Young Players[edit | edit source]

For obvious reasons, spectators must be 18 or older, but allowing minors on the field has been a source of contention.

Tommyball legend Tim Hein has described minors who play Tommyball are "vital" to the game "to identify talent early." Hein had illegally played Tommyball in his backyard to develop skills and bad habits that would become useful during his professional career. While his parents were supportive of his talent development, they would put him back out when they felt that he had not put everything in. Hein describes his parents as "maximizers" of talent. Hein has not seen his parents since Grade 5. Hein has criticized Christmas and birthdays as distractions from optimizing child talent.

Some child psychologists have stated that Hein’s parents were neglectful [citation needed]

Rookie contracts[edit | edit source]

Amateur players are locked into five-season, fifteen-year long contracts when entering the professional arena. August births are exempt, however, and whether the exemption should be extended all northern hemisphere summer months remains an open question.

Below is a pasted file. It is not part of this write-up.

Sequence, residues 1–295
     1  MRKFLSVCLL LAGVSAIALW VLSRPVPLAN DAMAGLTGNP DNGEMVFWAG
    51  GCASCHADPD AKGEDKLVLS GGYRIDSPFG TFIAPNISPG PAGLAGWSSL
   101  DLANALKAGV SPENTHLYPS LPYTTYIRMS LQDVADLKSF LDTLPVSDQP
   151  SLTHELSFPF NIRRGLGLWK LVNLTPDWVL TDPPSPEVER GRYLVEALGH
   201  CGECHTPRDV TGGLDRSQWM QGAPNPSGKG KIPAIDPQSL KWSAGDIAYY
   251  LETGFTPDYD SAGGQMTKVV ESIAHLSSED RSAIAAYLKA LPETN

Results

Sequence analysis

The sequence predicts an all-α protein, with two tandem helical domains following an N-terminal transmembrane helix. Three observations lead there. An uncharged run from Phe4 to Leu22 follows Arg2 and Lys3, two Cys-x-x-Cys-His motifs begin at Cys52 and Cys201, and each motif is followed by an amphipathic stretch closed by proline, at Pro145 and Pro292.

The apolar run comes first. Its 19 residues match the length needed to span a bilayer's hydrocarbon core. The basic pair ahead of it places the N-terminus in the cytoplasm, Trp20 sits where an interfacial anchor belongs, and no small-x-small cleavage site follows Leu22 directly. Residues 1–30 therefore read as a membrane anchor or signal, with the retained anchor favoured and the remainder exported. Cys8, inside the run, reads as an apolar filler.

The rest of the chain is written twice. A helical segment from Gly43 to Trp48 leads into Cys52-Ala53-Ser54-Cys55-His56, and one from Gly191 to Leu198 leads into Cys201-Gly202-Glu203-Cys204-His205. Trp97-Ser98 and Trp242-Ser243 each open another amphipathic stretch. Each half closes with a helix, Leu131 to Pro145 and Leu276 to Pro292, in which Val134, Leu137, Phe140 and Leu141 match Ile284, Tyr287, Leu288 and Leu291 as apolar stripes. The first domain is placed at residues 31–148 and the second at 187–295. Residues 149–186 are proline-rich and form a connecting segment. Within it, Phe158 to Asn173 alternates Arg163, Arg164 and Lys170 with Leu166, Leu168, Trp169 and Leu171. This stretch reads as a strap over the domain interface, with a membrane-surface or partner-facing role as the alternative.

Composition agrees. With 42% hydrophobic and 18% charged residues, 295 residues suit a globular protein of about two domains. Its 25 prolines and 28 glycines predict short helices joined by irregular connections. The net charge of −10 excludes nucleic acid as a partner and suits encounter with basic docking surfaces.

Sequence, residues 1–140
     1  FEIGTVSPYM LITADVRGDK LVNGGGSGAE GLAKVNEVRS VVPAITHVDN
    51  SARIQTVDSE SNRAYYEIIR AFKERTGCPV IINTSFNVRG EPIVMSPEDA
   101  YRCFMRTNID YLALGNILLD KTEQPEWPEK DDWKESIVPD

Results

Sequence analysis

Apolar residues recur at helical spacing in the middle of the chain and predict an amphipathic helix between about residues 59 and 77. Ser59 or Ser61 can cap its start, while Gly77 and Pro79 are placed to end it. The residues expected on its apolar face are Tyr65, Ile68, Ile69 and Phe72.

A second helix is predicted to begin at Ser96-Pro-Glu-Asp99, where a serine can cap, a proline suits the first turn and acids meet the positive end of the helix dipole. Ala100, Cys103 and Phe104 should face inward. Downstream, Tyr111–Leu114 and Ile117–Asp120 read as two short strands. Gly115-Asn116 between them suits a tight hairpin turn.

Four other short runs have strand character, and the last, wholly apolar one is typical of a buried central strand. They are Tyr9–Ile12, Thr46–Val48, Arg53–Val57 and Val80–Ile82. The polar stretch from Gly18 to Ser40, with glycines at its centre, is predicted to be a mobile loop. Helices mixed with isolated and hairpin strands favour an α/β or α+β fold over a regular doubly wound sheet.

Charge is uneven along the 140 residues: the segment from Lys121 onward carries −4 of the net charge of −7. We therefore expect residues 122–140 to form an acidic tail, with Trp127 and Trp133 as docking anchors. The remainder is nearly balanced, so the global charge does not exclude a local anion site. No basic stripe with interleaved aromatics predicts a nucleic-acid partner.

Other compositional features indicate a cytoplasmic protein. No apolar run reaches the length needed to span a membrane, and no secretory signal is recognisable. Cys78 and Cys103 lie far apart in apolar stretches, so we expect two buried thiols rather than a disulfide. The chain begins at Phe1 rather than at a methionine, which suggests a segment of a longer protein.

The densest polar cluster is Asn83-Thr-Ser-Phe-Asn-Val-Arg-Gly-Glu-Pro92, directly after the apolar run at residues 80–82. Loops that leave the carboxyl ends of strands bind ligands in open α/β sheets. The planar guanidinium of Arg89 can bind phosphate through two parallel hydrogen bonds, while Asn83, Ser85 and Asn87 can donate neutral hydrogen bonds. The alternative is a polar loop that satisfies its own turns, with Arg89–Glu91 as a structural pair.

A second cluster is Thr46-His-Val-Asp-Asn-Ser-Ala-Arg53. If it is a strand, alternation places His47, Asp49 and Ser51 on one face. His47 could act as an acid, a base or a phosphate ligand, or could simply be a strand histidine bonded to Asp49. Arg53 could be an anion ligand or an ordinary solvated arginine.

The contracts maximize payment to retired players while leaving young players unpaid, which has been criticized as a conflict of interest. However, Tommyball legend Tim Hein has defended the status quo, arguing that young players do not need to be paid; retired players need to be paid. Hein criticized the issue for being too political and characterized the controversy as a "justice issue."

Non-fungible token (NFT)[edit | edit source]

Time Hein announced his first NFT via Zoom press conference from his chalet in North Korea in which he sold is love of the game. In an interview[3], he described NFT as an "exciting innovation." NFT that allows people to sell things that do not physically exist. While Tim will still love the game, someone else will own his love of the game.